DRHC Dubai General Practitioner Clinic

Irritable bowel-  Dubai General Medicine Clinic

Irritable bowel - What is it?

An irritable bowel (also known as an irritable colon or irritable digestive system) is one that does not work smoothly and causes abdominal problems such as colicky pain and disturbed bowel actions. The bowel is a muscular tube that propels the food along in waves (called peristalsis). This muscular action may become overactive and cause spasms or tight contractions rather like a cramp in the leg muscles.

There is no clear-cut proven cause but one theory is that an important factor is an emotional stress, especially in those people who tend to ‘bottle things up inside’.

However, there is no proof supporting this theory. Possible causes or aggravating factors are:
  • Infection of the bowel (e.g. gastroenteritis)
  • Food irritation (e.g. spicy food)
  • Food allergy (e.g. milk, cream)
  • Lack of bulk (fiber) in the diet
  • Overuse of laxatives
  • Pain-killing drugs and antibiotics
  • Smoking
  • Salicylates or related chemicals such as aspirin, food
  • Colorings and fresh pineapple.
  • The main symptom is a vague discomfort or a cramp-like pain in the abdomen (in the center or lower left side).
  • This pain is usually relieved by passing the wind or by a bowel movement.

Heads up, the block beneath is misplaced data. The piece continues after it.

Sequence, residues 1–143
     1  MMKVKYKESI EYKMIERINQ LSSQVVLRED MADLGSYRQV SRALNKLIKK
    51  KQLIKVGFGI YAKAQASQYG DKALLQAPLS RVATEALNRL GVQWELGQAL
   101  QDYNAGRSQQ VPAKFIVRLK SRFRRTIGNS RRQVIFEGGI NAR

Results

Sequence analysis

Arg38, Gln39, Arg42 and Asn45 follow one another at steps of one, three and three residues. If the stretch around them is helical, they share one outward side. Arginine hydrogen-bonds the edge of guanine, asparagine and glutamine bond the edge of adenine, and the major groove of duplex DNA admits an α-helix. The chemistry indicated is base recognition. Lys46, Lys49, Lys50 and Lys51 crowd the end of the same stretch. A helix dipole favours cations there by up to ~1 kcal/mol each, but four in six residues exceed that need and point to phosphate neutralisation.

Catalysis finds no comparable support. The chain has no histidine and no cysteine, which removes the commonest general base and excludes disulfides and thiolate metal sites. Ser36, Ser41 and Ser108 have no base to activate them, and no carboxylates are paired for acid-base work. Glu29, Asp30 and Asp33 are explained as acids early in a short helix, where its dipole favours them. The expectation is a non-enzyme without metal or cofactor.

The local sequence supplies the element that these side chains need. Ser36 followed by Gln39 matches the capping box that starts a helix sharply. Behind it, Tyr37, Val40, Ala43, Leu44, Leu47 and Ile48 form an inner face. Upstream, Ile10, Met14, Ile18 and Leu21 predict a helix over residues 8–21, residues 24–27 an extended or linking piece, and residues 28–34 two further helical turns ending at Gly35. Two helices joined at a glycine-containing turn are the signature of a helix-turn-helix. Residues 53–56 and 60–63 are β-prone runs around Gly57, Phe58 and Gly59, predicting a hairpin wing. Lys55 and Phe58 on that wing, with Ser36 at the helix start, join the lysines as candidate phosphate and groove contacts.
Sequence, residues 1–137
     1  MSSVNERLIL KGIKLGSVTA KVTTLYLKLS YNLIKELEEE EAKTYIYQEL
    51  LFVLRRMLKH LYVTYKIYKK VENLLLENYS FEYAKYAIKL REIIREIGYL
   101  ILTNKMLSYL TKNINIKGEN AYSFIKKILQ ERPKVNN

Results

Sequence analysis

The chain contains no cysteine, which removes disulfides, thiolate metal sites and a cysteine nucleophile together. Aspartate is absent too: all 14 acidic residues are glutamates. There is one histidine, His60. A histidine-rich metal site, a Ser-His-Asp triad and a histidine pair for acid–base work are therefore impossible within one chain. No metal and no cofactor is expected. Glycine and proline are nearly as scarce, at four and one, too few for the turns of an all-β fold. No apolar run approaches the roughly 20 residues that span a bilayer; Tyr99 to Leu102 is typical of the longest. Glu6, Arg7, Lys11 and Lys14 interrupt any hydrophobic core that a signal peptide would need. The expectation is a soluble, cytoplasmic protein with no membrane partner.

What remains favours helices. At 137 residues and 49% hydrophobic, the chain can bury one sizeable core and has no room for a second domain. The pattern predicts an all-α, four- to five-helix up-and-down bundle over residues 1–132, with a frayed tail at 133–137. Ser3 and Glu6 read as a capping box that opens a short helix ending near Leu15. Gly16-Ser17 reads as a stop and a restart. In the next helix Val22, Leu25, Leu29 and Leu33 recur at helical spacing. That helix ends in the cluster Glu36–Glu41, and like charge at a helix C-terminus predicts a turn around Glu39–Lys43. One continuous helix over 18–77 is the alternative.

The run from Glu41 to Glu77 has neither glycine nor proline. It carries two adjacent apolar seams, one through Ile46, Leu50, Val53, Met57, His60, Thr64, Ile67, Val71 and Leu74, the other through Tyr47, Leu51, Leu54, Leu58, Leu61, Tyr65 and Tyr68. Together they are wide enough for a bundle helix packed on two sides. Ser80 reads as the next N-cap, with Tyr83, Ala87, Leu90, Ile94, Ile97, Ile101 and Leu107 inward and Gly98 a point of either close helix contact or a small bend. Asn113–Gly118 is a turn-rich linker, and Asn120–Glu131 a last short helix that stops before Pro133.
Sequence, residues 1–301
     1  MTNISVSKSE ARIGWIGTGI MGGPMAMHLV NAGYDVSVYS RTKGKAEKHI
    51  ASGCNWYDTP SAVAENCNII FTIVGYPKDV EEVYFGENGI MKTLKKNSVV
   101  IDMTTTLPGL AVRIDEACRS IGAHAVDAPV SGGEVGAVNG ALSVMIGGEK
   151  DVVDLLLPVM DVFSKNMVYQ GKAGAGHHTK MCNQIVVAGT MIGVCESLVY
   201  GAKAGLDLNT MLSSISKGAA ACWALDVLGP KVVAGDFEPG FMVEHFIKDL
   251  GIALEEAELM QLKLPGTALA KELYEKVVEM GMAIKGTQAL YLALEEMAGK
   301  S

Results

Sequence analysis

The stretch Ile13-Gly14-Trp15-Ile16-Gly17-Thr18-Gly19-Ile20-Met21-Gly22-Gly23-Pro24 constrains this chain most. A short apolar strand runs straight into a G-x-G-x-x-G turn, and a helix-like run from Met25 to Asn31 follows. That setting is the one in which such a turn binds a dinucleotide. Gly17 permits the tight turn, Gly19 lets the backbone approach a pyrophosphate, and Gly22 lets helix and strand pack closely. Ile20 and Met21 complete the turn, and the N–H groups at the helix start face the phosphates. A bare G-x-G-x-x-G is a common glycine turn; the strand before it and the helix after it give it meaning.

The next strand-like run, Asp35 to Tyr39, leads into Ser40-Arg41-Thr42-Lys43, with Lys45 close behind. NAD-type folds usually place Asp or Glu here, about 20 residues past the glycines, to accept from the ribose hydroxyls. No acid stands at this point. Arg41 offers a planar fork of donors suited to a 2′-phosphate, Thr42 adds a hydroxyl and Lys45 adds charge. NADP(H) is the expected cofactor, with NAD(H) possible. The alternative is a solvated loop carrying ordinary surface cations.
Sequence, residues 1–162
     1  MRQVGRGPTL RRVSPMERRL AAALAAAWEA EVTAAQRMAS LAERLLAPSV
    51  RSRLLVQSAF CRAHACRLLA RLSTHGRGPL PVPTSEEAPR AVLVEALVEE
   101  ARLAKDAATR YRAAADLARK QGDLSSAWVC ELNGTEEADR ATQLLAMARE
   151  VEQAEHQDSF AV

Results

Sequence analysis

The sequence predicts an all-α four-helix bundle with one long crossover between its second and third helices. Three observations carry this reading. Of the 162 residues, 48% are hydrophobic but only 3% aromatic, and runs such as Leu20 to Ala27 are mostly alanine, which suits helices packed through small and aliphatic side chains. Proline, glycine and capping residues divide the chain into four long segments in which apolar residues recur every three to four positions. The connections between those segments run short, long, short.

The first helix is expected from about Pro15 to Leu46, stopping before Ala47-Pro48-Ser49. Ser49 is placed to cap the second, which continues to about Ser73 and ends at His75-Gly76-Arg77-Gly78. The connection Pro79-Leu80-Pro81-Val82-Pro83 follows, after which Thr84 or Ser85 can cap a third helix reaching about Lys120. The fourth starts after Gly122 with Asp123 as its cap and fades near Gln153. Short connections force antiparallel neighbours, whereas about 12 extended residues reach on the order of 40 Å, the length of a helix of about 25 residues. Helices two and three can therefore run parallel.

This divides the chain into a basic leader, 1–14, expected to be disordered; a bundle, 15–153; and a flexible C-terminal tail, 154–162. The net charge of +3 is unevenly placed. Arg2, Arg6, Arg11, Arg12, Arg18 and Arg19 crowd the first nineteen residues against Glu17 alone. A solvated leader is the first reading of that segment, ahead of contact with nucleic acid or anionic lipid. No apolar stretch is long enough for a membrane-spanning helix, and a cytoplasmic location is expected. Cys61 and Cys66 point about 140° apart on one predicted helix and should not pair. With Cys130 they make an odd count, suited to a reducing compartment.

• Diarrhea or constipation or both (alternating) may occur and sometimes the motions will be like small, hard pellets.
  • Mucus may also be passed from time to time.
  • You may also feel mildly nauseated, off your food, bloated, or flatulent (windy).
  • There may also be a sensation of incomplete emptying of the bowel.

How common is it?
At least 1 person in every 100 has irritable bowel syndrome, and many simply learn to live with it. Some authorities believe that up to 30% of the population has it to some degree. It can develop at any
age but it usually begins in the late teens or early 20s. It is likely to affect twice as many women as men.

The irritable bowel is harmless, but it is common for those with it to worry that they have cancer. It is usual to carry out investigations to ensure that there is no disease in the bowel.
There is no cure and the problem may come and go for years.


Anyone with an irritable bowel should try to work out the things that make the symptoms worse. If you recognize stresses and strains in your life, try to develop a more relaxed lifestyle. You may have to be less of a perfectionist in your approach to life.

Try to avoid any foods that you can identify as causing the problem. You may have to restrict or cut out smoking and alcohol.

A high fluid intake and a high-fiber diet may be the answer to your problem. This can be helped by adding 2 teaspoonfuls of unprocessed bran to your diet each day if increased fiber and fluids have not quite settled the problem.

The best fiber is ‘soluble’ fiber—that which is found in oats and green vegetables. Some ‘insoluble’ fibers such as legumes, seeds, and nuts can aggravate irritable bowel.

Medical help
If self-help measures are not controlling the problem, your doctor will be able to give you medicine to settle the painful spasm of an irritable bowel. You should avoid taking any
medicines not recommended by your doctor. We will treat you according to clinical evidence.
Likely to be beneficial
  • Antidepressants.
  • Antispasmodic drugs and peppermint oil.
  • Soluble fibre supplementation .